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Stork v. Superintendent

United States District Court, N.D. Indiana, South Bend Division

April 16, 2014

FRANK EDWARD STORK, Petitioner,
v.
SUPERINTENDENT, Respondent.

OPINION and ORDER

JAMES T. MOODY, District Judge.

Frank Edward Stork, a pro se prisoner, filed a petition under 28 U.S.C. § 2254 challenging his 2009 conviction in St. Joseph County, Indiana, for resisting law enforcement. (DE #1.) The court is obligated to review the petition and dismiss it if "it plainly appears from the petition and any attached exhibits that the petitioner is not entitled to relief...." RULE 4 OF THE RULES GOVERNING SECTION 2254 CASES.

According to the petition and attachments, Stork pled guilty to resisting law enforcement and in April 2009 was sentenced to two years in prison.[1] (DE #1 at 1.) He did not pursue a direct appeal. ( Id. ) In July 2011, he filed a state petition for postconviction relief. ( Id. at 2.) His petition was denied. ( Id. ) He attempted to file a belated appeal, but the Indiana Court of Appeals dismissed his appeal as untimely in July 2013. ( Id. ) He later sought to file a petition to transfer to the Indiana Supreme Court, but his filings were returned to him due to various procedural deficiencies. ( Id. ; DE #3 at 62-66.)

On March 24, 2014, Stork tendered his federal petition to prison officials for mailing. (DE #1 at 6.) His petition is somewhat difficult to parse, but it can be discerned that he is claiming his guilty plea was not knowing and voluntary, and that he received ineffective assistance of counsel in connection with the plea agreement.[2] (DE #1 at 3-5.)

Stork's petition is governed by the provisions of the Anti-Terrorism and Effective Death Penalty Act of 1996 ("AEDPA"). See Lindh v. Murphy, 521 U.S. 320, 336 (1997). Under AEDPA, habeas petitions are subject to a one-year statute of limitations, set forth as follows:

(1) A 1-year period of limitation shall apply to an application for a writ of habeas corpus by a person in custody pursuant to the judgment of a State court. The limitation period shall run from the latest of-
(A) the date on which the judgment became final by the conclusion of direct review or the expiration of the time for seeking such review;
(B) the date on which the impediment to filing an application created by State action in violation of the Constitution or laws of the United States is removed, if the applicant was prevented from filing by such State action;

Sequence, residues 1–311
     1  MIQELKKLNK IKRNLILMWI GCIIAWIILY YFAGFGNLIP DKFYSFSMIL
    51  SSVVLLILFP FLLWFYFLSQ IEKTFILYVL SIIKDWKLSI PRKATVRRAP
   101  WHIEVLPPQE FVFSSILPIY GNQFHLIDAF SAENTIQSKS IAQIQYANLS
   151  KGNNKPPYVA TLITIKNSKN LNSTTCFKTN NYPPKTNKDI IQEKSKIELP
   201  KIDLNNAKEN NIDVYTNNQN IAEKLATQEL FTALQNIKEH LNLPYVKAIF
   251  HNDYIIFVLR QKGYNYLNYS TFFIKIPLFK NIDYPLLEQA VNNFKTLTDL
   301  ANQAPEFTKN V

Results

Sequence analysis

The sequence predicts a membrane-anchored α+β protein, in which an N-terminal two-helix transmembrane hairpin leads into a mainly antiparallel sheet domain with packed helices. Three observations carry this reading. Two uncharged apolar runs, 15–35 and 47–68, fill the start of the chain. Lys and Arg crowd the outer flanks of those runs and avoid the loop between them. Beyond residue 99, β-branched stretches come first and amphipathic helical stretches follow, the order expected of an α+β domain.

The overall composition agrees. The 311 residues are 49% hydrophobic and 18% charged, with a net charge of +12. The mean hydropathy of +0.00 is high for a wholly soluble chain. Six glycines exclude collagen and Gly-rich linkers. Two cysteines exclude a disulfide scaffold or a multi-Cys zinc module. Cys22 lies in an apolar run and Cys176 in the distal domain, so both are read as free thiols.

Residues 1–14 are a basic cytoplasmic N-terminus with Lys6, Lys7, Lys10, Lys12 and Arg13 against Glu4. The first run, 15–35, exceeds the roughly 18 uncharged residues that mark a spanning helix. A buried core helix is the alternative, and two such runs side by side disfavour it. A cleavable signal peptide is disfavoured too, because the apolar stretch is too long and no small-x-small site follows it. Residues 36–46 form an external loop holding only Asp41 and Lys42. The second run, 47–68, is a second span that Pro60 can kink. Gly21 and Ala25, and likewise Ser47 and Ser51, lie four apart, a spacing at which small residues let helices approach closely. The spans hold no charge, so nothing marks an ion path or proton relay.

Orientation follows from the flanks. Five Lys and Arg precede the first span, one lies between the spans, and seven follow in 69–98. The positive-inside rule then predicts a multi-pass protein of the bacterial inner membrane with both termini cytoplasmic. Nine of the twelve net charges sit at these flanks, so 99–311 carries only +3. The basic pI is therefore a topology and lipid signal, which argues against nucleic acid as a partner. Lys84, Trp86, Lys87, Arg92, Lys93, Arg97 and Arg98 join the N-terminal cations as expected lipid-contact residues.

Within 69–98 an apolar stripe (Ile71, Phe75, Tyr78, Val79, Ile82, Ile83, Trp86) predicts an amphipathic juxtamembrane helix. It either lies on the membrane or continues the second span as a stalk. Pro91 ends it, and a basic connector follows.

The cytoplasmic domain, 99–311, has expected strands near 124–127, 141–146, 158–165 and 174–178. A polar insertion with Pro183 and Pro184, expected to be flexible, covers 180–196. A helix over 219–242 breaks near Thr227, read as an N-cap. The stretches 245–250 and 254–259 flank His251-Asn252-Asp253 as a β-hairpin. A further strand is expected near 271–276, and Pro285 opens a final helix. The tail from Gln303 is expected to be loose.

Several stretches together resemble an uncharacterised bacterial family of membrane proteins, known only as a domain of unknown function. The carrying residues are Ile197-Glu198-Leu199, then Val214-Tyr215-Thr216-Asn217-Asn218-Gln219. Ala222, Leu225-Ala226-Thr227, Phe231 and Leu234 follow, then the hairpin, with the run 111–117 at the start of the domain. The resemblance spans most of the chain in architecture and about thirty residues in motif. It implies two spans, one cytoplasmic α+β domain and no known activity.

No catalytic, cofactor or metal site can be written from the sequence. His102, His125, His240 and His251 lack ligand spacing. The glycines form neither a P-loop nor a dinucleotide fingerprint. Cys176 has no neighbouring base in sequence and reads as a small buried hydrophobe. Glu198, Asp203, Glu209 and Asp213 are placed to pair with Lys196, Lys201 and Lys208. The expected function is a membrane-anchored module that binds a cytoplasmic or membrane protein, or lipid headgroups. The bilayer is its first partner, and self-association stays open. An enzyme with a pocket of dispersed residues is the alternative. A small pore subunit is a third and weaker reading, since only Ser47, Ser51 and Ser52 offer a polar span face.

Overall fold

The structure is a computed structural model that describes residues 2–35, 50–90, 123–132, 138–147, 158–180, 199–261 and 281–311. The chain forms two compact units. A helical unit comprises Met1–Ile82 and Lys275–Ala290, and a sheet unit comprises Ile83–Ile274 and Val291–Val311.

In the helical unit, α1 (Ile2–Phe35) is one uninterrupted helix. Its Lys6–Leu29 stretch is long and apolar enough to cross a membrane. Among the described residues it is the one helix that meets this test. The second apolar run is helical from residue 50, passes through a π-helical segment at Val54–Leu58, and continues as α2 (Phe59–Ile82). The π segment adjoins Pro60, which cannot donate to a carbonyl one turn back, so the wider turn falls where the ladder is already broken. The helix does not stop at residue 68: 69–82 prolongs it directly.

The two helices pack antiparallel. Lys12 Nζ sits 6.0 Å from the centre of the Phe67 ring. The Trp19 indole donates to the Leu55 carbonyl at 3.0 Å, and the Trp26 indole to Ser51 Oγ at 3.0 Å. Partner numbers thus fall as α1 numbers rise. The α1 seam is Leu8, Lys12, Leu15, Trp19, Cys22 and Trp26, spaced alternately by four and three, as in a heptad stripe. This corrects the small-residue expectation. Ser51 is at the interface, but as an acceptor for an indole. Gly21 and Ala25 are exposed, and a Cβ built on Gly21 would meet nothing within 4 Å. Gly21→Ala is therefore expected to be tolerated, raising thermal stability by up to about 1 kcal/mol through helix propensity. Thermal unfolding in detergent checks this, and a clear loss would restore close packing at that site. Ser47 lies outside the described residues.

(C) the date on which the constitutional right asserted was initially recognized by the Supreme Court, if the right has been newly recognized by the Supreme Court and made retroactively applicable to cases on collateral review; or
(D) the date on which the factual predicate of the claim or claims presented could have been discovered through the exercise of due diligence.
(2) The time during which a properly filed application for State post-conviction or other collateral review with respect to the pertinent judgment or claim is pending shall not be counted toward any period of limitation under this subsection.

28 U.S.C. § 2244(d).

Upon review, Stork's claims do not implicate newly discovered evidence or a newly recognized constitutional right, nor does he claim that a state-created impediment prevented him from filing his federal petition on time. Accordingly, 28 U.S.C. § 2244(d)(1)(A) applies. Stork was sentenced in April 2009, and he did not pursue a direct appeal. (DE #1 at 1.) His conviction became final for purposes of Section 2244(d)(1)(A) when the time for seeking review in the Indiana Court of Appeals expired 30 days later. See IND. APP. R. 9(A) (notice of appeal must be filed within 30 days of the trial court's judgment); Gonzalez v. Thaler, 132 S.Ct. 641, 655-56 (2012) (when a habeas petitioner does not complete all levels of state review, his conviction becomes final for purposes of AEDPA when the time for seeking further review expires).

Stork had one year from that date, or until May 2010, to file a timely federal petition. He did not do so, and instead waited until March 2014 to file the present petition. (DE #1 at 6.) Although he sought state post-conviction relief in July 2011, the federal deadline had already expired when he filed his state petition. Thus, the state post-conviction proceeding did not toll or otherwise extend the federal deadline.[3] De Jesus v. Acevedo, 567 F.3d 941, 943 (7th Cir. 2009) ("a ...


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